Schema mapping evolution through composition and inversion

Fagin, R; Kolaitis, PG; Popa, L; Tan, WC
Schema matching and mapping

Mappings between different representations of data are the essential building blocks for
many information integration tasks. A schema mapping is a high-level specification
of the relationship between two schemas, and represents a useful abstraction that specifies
how the data from a source format can be transformed into a target format. The development
of schema mappings is laborious and time-consuming, even in the presence of tools that facilitate
this development. At the same time, schema evolution inevitably causes the invalidation of

The recovery of a schema mapping: bringing exchanged data back

Arenas, M; Perez, J; Riveros, C
ACM Transactions on Database

A schema mapping is a specification that describes how data from a source schema is to be mapped to a target schema. Once the data has been transferred from the source to the target, a natural question is whether one can undo the process and recover the initial data, or at least part of it. In fact, it would be desirable to find a reverse schema mapping from target to source that specifies how to bring the exchanged data back.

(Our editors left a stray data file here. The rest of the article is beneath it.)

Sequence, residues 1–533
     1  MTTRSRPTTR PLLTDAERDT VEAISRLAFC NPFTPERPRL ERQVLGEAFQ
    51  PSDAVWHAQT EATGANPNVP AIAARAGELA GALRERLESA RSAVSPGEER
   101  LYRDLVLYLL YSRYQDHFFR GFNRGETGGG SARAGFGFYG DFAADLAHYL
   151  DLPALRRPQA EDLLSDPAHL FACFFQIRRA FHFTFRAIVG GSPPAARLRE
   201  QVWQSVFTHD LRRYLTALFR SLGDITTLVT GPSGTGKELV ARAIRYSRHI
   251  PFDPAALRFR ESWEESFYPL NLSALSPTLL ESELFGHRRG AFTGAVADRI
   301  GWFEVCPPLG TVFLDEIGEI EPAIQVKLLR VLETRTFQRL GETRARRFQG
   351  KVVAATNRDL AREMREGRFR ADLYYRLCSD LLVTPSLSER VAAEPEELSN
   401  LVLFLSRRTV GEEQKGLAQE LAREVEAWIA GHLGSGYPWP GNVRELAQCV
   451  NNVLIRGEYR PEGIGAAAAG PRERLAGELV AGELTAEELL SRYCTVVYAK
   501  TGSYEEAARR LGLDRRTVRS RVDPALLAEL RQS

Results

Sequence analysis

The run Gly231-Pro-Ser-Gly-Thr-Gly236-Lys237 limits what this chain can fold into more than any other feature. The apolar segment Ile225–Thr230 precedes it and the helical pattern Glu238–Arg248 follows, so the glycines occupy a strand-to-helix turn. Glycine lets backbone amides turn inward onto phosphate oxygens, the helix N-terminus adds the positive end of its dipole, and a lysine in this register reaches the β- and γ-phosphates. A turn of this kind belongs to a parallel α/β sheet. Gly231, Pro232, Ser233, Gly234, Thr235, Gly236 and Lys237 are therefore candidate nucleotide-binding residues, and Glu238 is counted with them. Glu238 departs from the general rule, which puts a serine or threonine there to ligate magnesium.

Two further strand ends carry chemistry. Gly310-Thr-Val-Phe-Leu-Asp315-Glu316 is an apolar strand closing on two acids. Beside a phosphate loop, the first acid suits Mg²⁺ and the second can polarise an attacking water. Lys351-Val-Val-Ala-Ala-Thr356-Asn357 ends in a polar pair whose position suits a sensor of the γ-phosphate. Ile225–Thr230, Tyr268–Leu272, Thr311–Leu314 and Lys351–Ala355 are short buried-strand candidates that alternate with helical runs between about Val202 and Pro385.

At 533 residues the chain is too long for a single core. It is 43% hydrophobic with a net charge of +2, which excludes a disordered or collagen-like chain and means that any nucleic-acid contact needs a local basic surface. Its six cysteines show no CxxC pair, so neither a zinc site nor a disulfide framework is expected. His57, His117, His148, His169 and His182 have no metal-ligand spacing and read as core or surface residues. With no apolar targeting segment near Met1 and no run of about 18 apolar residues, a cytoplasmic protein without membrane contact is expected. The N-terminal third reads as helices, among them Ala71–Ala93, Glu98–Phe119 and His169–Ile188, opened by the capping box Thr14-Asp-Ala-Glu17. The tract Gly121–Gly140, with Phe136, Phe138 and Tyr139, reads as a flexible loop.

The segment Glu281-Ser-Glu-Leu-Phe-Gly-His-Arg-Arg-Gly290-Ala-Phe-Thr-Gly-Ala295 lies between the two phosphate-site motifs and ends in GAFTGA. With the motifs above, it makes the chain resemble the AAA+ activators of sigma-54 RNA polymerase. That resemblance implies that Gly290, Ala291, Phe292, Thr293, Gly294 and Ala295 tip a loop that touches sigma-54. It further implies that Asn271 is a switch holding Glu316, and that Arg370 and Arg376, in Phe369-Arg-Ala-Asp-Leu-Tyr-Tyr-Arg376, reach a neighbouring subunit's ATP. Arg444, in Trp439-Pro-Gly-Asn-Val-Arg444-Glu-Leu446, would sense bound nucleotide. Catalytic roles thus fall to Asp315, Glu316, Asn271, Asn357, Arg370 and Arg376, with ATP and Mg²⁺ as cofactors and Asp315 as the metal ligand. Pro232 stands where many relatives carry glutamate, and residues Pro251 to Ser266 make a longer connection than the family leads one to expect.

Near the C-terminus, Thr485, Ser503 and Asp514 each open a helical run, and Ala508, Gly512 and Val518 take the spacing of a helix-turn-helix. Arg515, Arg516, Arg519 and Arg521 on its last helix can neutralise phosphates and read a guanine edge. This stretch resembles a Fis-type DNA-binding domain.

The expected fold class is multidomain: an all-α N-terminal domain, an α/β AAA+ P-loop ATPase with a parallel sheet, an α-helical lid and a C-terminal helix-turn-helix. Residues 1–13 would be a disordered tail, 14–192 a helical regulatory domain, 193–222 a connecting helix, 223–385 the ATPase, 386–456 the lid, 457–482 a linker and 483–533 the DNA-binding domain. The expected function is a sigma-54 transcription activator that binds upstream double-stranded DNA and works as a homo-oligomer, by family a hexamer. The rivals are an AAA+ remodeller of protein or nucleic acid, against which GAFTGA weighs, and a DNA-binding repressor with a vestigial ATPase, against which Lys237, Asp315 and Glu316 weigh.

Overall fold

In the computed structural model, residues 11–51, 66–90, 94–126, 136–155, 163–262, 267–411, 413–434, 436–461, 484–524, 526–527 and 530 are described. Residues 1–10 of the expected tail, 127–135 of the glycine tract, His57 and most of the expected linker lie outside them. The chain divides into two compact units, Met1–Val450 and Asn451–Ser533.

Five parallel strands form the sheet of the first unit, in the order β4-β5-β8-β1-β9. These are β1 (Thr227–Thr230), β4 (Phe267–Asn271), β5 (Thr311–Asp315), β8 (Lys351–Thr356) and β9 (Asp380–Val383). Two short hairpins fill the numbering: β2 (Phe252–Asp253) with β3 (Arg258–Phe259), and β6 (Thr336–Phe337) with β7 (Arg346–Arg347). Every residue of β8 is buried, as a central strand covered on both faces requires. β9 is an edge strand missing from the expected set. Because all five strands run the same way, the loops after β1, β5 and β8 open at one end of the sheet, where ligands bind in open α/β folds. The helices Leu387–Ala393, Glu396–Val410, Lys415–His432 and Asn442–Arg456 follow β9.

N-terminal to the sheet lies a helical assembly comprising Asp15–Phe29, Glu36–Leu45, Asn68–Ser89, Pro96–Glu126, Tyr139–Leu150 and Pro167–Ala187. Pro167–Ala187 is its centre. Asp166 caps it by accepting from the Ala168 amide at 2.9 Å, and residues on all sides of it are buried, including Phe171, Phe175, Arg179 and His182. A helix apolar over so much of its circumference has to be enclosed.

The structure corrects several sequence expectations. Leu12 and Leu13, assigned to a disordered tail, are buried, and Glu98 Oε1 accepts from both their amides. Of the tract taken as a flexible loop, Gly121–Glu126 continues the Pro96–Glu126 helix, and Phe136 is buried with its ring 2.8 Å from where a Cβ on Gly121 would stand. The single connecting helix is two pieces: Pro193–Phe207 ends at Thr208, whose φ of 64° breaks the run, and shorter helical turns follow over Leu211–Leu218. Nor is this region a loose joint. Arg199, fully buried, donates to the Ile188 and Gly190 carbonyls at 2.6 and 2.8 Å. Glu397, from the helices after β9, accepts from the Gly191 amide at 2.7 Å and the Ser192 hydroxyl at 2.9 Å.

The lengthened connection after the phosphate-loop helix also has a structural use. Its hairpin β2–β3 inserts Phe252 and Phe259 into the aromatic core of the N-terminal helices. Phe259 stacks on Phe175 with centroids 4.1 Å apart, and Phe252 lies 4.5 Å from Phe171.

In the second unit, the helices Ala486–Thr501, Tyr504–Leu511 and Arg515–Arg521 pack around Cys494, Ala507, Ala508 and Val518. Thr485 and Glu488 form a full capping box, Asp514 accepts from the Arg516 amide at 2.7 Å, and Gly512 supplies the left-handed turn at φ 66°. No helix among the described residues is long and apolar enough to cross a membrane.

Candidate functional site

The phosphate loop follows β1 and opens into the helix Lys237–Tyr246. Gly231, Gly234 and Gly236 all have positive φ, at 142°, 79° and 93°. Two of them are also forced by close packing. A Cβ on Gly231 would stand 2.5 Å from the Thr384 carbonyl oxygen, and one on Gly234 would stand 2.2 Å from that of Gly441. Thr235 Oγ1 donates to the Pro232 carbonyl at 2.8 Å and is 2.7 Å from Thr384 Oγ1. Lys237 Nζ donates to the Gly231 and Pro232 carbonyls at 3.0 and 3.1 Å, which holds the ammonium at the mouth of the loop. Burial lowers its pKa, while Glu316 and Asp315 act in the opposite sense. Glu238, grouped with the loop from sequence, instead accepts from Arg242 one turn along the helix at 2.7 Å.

Inverting Schema Mappings: Bridging the Gap between Theory and Practice

Arenas, M; Perez, J; Reutter, J; Riveros, C
VLDB 2009

The inversion of schema mappings has been identified as one of the fundamental operators for the development of a
general framework for metadata management. In fact, during the last years three alternative notions of inversion for

Inverting Schema Mappings

Fagin, R.
Proc. PODS 2006

A schema mapping is a specification that describes how data
structured under one schema (the source schema) is to be
transformed into data structured under a different schema
(the target schema). Although the notion of an inverse of
a schema mapping is important, the exact definition of an
inverse mapping is somewhat elusive. This is because a
schema mapping may associate many target instances with
each source instance, and many source instances with each
target instance. Based on the notion that the composition
of a mapping and its inverse is the identity, we give a formal

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